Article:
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Dry weather not kind to crops

WELL the winter cereal harvest is still happening and after our dry previous few months and the dreadful frost events just after mid-August, I believe we all will be very pleased that this season is nearly behind us.

However, we are still marketing our winter cereals and with our high screening levels, that is not easy to do and maximise profits. These screening levels are in general fairly high and with levels at more than 10%, it can lead to major reductions in our grain price, especially if targeting the export market. Unfortunately, small grain or screenings are an indication of lower flour yield in your wheat sample. So what causes these high screening levels or should I classify it as small grain?

For many years now our cereal breeders have been targeting higher yields. To achieve these higher yields the idea is to form and fill more grains of barley or wheat per square metre of crop. One way to do this is by increasing the tillering capability of a variety to obtain more seeds per square metre. Unfortunately, this higher tillering trait can lead to small grain. These higher tillering lines do not always lead to small grain, especially if the back end of the season is kind to the crops.

This year we even had moisture deficiency before flowering and coupled with the many days of warmer temperatures it exacerbated early maturity and subsequently small grain.

On the other hand researchers and breeders have developed seed lines of wheat and barley that have tiller development restrictors or inhibitions. In other words, just like some old grain sorghums had years ago in varieties of SM 8 and Gunsynd and to a certain extent G56, they were basically single stalk plants and not inclined to tiller, so sorghum seed planting rates had to be increased for yield maximisation.

Wheat and barley are not single stalk plants obviously, however there is great correlations between tillering, grain size, dry times at pre and post flowering and warm weather at flowering and grains fill.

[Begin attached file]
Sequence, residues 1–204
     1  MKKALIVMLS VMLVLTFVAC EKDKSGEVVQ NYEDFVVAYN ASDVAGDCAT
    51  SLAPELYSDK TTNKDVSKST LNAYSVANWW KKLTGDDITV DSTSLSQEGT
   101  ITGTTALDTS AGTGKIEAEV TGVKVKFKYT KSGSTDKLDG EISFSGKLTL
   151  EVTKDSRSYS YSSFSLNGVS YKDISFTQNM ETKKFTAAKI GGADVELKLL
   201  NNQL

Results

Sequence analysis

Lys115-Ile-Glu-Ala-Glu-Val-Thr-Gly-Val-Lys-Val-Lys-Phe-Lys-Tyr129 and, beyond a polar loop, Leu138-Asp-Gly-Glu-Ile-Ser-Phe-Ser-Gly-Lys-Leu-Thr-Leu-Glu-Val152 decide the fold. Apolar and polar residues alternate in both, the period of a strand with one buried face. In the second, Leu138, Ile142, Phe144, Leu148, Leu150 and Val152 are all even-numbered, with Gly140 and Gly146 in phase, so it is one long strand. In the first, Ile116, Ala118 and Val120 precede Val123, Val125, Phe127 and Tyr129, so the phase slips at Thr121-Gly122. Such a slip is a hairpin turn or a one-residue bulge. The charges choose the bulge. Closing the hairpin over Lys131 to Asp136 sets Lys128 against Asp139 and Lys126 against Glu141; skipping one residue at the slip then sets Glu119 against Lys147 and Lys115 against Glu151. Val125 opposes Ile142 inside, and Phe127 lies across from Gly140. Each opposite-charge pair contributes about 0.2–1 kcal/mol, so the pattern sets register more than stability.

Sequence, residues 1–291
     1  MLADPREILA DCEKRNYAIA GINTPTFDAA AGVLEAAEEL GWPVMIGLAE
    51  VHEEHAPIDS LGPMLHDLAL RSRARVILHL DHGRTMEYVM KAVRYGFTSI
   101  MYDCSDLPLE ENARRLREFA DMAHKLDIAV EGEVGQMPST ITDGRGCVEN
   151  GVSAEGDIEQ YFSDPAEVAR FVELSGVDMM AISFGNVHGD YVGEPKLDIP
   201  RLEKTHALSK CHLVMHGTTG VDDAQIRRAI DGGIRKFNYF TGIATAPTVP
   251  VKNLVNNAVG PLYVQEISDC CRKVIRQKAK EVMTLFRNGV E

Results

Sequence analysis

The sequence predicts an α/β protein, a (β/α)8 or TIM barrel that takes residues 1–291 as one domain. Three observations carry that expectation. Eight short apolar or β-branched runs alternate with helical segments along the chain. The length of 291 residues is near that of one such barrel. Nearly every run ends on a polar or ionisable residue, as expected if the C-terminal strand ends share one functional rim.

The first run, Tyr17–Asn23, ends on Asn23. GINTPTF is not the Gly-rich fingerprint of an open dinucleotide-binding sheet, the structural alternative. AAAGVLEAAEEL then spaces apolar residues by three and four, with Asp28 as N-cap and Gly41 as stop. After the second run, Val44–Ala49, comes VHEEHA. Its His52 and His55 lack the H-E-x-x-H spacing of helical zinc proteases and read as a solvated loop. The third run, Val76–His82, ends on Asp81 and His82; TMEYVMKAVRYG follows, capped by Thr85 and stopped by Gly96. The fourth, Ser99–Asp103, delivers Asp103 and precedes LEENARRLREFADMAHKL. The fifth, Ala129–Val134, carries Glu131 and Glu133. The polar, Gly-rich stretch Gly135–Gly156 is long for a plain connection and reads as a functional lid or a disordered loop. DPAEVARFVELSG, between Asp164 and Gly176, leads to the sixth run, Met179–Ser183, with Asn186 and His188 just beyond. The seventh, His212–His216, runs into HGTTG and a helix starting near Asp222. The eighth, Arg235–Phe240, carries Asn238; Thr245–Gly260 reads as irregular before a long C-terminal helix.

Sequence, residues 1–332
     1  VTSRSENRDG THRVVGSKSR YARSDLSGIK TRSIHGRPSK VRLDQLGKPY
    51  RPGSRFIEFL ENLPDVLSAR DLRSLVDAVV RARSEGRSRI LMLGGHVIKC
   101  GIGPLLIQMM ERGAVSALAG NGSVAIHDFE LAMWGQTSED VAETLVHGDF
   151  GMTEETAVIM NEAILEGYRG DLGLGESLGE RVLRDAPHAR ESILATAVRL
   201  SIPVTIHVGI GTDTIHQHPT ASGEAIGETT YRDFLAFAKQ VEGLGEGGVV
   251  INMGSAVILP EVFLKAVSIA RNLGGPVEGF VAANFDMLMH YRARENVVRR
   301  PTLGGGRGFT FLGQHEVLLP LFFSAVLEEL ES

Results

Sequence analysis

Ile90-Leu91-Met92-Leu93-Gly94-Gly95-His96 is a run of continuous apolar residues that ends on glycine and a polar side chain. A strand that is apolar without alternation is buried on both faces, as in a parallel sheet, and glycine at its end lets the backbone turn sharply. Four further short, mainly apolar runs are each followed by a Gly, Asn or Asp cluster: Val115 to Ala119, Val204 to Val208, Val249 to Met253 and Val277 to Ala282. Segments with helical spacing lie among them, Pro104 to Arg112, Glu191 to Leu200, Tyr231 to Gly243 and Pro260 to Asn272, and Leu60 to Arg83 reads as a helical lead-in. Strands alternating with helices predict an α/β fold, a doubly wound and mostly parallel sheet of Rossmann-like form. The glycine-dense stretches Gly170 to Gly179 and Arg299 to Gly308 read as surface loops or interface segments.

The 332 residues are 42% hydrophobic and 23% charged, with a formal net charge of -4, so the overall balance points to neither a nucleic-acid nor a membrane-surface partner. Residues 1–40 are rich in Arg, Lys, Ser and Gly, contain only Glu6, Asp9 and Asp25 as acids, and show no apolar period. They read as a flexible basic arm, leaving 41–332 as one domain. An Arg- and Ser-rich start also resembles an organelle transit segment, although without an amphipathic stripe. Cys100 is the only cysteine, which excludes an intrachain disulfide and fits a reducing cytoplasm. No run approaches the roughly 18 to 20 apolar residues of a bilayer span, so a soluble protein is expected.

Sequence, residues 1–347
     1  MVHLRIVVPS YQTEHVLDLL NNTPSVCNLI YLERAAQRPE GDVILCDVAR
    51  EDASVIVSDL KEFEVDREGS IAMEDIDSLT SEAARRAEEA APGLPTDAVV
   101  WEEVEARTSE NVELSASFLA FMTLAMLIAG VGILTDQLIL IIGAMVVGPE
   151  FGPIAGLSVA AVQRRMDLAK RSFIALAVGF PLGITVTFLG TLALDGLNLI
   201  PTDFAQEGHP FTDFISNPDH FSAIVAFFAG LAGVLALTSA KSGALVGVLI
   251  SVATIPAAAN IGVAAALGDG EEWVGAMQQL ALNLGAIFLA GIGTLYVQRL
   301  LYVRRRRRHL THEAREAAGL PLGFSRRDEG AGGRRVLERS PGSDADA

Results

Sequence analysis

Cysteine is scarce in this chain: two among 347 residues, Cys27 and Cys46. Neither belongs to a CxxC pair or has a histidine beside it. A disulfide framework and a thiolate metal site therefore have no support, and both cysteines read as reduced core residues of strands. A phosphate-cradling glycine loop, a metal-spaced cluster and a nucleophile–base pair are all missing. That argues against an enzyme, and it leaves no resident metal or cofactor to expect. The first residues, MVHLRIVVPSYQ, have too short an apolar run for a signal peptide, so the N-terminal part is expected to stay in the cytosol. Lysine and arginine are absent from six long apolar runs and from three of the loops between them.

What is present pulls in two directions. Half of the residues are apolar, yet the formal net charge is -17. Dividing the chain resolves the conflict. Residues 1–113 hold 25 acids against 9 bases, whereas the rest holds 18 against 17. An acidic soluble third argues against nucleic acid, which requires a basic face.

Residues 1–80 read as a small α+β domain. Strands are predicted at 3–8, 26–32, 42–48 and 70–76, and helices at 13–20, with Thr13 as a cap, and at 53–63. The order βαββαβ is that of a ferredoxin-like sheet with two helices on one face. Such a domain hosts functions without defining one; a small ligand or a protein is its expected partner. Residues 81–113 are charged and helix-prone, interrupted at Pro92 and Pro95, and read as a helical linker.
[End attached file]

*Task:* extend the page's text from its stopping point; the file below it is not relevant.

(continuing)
A favourable growing time with good soil moisture available, towards flowering time is probably the key condition to keep screenings in check. Instead of heavy frosts on August 20-21, we receive 2-3inches of rain in this period, just like occurred in 2011. It may be worthwhile to investigate some varieties that have a restricted or semi restricted tillering capacity, however I suspect these varieties are not too popular in Queensland.

Sowing date is another consideration with your preferred variety. Plant too late with some varieties that you just happen to have in your silo, is never the most effective way to convert your stored soil moisture into maximum grain yields.

Nutritional balance is another obvious control agent. Nitrogen excess has always been considered a bogey man for small grain and big amounts dry matter produced and it certainly can be part of the problem.

So balancing your available nutrients with soil moisture is as usual, a very handy process to adhere to. I will not remind you all again about my zest for split application of nitrogen bandwagon in our grain crops.

So while we all rail against screenings in our sample, if the 2inches of rain had occurred in mid to late August, then I would not be writing and postulating about wheat and barley small grain levels in our samples.

I do believe for a host of reasons, that we need to get our varietal purity much improved and the planting date spot on for our chosen wheat or barley variety.

Paul McIntosh is a former manager of Landmark Emerald, now based on the Darling Downs.

Topics:  crops drought grains paul mcintosh